3 Shipping Secrets for Antiques

So many of my followers are buying antiques and using my online appraisal reports to resell them online to buyers worldwide. This is big business and loads of fun but nothing matters if you can’t complete the sale. Well, you can’t complete the sale if you don’t ship the object to its new owner. Remember, nothing says “complete” or feels more like an accomplishment than shipping out that Walter Emerson Baum oil on canvas painting, wooden candle stand, or Staffordshire place setting once you’ve sold it to an online buyer in Kansas or Nevada. Here are some tips to make your shipping of art and antiques care free.

1. Protect the Inside

box and tape

I spoke with a client recently who received a valuable French Impressionist pastel on paper that she purchased online. She received the piece and it was badly damaged by the glass of the pastel’s frame. The seller didn’t know how to properly ship the work of art which was framed under glass so the buyer ended up opening a package that had a million small sharp shards of glass amidst the fragile work of art. The work was damaged and torn to pieces by the glass shards and scratched all over it, too.

Let me share a tried and true solution from my days working in major museums and shipping artwork out for exhibition and display. My client’s seller who shipped the work or art should have placed bands of blue painter’s tape in a criss-crossed lattice pattern over the entire pane of framed glass before wrapping the work of art for shipping. Upon arrival, the blue painter’s tape will be easy to remove from the glass without adhesive residue or damage. If, by chance, there is damage to the glass during shipping, the blue painter’s tape in the criss-crossed pattern on top of the glass will keep any broken glass pieces in place and stuck to the tape preventing damage to the work of art from the broken glass like cuts or scratches. Learn more framing tips.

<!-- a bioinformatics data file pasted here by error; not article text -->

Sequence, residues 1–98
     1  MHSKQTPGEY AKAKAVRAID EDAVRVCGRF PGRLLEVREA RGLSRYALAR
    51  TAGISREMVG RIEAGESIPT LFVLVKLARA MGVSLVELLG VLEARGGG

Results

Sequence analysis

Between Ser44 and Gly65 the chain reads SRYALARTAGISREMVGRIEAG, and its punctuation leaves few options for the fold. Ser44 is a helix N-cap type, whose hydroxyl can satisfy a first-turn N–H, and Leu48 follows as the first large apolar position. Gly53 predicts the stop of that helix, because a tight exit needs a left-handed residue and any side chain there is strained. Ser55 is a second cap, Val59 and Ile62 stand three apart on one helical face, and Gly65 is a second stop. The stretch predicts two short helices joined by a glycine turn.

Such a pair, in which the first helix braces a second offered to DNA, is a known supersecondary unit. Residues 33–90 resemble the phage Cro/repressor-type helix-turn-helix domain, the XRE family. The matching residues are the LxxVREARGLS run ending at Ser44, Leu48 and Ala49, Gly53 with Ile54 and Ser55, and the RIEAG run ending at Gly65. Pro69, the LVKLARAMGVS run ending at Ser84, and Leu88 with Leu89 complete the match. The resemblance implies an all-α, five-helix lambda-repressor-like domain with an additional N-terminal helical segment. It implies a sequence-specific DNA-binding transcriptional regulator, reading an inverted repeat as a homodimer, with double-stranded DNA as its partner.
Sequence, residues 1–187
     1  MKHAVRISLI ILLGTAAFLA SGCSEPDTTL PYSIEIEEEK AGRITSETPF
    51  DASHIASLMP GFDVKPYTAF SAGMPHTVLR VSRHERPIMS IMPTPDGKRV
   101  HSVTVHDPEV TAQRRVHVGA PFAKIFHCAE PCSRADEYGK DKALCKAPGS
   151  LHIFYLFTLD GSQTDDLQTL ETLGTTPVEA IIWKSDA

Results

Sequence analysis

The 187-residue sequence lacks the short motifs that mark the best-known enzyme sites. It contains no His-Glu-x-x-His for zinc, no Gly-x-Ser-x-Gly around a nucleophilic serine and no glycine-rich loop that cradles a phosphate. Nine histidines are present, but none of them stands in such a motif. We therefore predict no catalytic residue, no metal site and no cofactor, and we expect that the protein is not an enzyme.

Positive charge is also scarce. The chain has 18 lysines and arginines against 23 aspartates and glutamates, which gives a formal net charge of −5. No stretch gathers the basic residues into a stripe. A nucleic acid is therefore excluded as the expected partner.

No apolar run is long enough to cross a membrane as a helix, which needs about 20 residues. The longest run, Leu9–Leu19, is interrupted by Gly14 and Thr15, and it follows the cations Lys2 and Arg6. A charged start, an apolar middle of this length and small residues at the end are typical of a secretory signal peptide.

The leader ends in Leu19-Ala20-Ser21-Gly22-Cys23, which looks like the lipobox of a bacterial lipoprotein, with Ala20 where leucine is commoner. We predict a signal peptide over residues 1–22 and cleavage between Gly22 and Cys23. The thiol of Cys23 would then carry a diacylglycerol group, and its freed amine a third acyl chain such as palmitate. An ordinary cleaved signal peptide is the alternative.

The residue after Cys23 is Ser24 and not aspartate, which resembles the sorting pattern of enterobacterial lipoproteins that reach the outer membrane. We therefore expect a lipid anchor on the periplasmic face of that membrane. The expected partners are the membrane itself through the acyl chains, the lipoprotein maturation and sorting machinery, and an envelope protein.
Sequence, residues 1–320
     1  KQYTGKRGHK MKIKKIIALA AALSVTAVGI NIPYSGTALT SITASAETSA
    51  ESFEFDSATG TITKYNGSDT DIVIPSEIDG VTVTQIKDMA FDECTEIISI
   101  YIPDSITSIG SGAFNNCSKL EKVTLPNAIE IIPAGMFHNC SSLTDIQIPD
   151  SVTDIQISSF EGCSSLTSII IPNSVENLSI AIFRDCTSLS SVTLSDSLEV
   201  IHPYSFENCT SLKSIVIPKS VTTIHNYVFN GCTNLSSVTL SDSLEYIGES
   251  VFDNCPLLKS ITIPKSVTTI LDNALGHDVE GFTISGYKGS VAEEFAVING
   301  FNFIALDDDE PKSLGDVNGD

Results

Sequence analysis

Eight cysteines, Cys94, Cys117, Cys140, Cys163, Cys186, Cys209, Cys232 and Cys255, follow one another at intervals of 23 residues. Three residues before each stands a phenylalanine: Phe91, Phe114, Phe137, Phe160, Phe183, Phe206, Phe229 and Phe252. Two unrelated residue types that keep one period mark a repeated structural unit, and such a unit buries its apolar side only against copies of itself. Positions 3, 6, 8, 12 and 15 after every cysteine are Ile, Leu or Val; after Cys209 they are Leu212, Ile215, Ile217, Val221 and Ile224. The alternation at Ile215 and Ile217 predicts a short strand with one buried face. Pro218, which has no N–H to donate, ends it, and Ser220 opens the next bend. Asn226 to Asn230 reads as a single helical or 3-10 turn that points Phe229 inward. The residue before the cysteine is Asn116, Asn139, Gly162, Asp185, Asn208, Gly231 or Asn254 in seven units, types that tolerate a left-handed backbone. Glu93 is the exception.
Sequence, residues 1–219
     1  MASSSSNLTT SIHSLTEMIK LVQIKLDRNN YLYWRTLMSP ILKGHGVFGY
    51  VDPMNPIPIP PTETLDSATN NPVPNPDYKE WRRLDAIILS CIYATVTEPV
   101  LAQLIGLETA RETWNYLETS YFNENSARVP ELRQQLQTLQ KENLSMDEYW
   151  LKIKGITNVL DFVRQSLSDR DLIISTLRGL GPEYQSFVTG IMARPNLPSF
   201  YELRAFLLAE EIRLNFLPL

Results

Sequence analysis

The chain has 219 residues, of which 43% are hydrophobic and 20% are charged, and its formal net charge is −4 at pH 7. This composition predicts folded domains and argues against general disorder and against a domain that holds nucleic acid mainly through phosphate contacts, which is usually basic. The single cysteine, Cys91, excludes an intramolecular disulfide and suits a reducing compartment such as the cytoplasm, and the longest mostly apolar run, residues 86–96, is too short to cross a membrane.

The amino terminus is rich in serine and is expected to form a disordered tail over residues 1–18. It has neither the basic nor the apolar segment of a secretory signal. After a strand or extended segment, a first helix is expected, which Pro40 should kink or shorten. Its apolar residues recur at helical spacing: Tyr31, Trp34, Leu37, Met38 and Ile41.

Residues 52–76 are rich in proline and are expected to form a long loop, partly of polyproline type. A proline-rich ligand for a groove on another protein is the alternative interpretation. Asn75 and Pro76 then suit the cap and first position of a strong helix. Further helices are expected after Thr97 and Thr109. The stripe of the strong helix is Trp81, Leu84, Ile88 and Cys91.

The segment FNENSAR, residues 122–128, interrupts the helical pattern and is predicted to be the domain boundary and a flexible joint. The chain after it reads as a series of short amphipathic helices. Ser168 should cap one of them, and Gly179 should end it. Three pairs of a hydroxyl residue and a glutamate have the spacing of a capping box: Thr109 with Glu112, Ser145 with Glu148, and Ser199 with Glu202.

When it comes to boxing up fragile items, position them in the center or middle of the box and allow for at least 2 inches of padding around each item. Also allow for at least 2 inches of space between each item that you put into a box. You don’t want one item damaging the other item as they share a shipping box. Don’t forget to fill the empty space in a box too. This fill material –bubble wrap, crumbled newspapers, paper from the shredder bin–will act as a shock-absorber during transport. There is a wrong and right way to use bubble wrap. Do you know how to use it? Find out along with other storage tips for antiques.

When wrapping ceramics, you need to take care to wrap china carefully. If you are shipping a ceramic vessel or Nippon vase, be sure to stuff the inside of that vase with Styrofoam peanuts or another packaging material and then wrap the ceramic object and stuff the area of the box around the piece, too. You don’t want it to move around too much in shipping. And for those especially fragile items, you can protect them in shipping by cushioning a smaller box inside of a larger box and add more wrapping material around the smaller box.